Who knew the opening of the Carson Valley Creamery would spark a romance? Love was probably the last thing on the mind of local ranchers when the creamery opened in 1891. But as luck would have it, local Fritz Dangberg found himself a wife as a result of his job as a teamster for the creamery. Dangberg got a job hauling butter and cheese from the creamery to Carson City, where he would stable his horses at Andersen’s Hay Yard. As a result, he got to know the owner’s sister-in-law, Metta Winkelman. And in 1897, Fritz and Metta were married.
The new Carson Valley creamery found ready buyers for its wares as far away as Virginia City and Carson City. But the San Francisco market proved a harder nut to crack. Turns out the alfalfa-fed to cows here in Carson Valley produced milk with a different flavor than hay-fed critters. That finally changed after a tenacious butter dealer spent “considerable money” educating San Francisco consumers about Carson Valley’s “superior” quality. Eventually, Carson Valley Creamery took home three separate mid-winter fair medals for its fine butter: in 1894, 1903, and 1904.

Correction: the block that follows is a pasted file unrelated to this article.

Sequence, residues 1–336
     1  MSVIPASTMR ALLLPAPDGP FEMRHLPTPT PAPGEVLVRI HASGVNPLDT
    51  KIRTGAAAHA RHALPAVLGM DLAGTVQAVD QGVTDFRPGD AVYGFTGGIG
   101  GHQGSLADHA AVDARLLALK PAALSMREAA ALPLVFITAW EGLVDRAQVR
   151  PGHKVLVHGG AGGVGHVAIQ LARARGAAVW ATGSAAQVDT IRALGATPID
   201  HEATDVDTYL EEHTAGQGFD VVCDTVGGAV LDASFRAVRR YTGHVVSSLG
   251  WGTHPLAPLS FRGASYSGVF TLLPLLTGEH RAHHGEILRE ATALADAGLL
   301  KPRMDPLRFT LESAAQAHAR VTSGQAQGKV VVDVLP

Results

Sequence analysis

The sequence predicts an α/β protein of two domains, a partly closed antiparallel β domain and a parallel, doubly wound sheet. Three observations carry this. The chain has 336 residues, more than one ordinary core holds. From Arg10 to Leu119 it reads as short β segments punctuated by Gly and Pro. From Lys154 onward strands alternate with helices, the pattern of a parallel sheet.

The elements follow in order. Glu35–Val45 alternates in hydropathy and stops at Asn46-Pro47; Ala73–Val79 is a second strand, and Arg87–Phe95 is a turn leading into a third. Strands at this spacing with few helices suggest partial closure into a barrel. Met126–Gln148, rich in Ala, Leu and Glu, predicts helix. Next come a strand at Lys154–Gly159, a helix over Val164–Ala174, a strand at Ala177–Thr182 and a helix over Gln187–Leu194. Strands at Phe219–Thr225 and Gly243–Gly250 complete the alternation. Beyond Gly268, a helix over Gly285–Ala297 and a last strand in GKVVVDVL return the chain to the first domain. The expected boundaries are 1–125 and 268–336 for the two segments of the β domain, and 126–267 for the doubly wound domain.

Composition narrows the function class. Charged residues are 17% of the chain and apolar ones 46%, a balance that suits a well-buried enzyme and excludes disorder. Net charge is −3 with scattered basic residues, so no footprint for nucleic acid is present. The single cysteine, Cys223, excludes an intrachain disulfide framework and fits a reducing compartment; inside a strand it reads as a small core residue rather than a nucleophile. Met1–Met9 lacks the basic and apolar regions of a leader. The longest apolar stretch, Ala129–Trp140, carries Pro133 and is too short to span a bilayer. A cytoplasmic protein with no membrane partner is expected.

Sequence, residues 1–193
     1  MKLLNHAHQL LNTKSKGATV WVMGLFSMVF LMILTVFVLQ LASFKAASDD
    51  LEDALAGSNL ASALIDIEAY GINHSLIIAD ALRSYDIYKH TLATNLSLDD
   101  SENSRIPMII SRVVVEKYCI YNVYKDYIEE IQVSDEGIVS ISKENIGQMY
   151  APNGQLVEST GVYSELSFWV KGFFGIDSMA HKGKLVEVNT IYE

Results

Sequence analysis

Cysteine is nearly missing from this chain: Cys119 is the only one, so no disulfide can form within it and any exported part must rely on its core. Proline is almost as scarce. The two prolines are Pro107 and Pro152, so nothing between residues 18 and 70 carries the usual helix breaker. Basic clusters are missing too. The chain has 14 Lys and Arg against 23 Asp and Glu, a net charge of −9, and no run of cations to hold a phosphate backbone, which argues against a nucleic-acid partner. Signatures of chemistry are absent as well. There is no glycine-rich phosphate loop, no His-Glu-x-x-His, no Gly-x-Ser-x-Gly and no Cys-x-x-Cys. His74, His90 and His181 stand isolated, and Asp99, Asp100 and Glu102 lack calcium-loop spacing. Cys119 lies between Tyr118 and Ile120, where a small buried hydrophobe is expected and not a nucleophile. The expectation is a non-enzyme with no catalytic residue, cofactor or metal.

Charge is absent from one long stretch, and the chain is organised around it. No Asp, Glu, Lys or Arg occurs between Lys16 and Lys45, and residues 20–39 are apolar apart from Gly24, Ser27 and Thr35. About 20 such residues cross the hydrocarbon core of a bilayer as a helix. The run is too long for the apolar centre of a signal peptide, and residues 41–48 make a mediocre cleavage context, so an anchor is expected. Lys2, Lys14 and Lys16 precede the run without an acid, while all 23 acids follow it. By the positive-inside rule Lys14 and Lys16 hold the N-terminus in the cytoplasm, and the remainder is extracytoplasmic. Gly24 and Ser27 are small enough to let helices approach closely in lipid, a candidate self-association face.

For a while, the Carson Valley Creamery ruled the roost, processing a million pounds of milk from local ranches in 1897 alone. But before long, competitors began to show up. By 1909 there were three creameries operating in the valley, each trying to out-do the other.
The Carson Valley Creamery finally closed its doors for good on May 1, 1914. But today, over a century later, this proud old building still stands: a silent reminder that there’s so much cool history here in Carson Valley.
The old creamery building is still beautiful today, in its own rustic way! The property is privately-owned, so not open to the public. But to view this photogenic piece of Carson Valley history from the road, turn east on Waterloo Lane from Highway 88, then watch for the building on your right (west), just after the sweeping turn.
To get the whole story, click here to read more about the Old Creamery.
Story and photos by Karen Dustman, a local author who shares her passion for history through her fun books, blog, and free history newsletter. Contact her at www.Clairitage.com.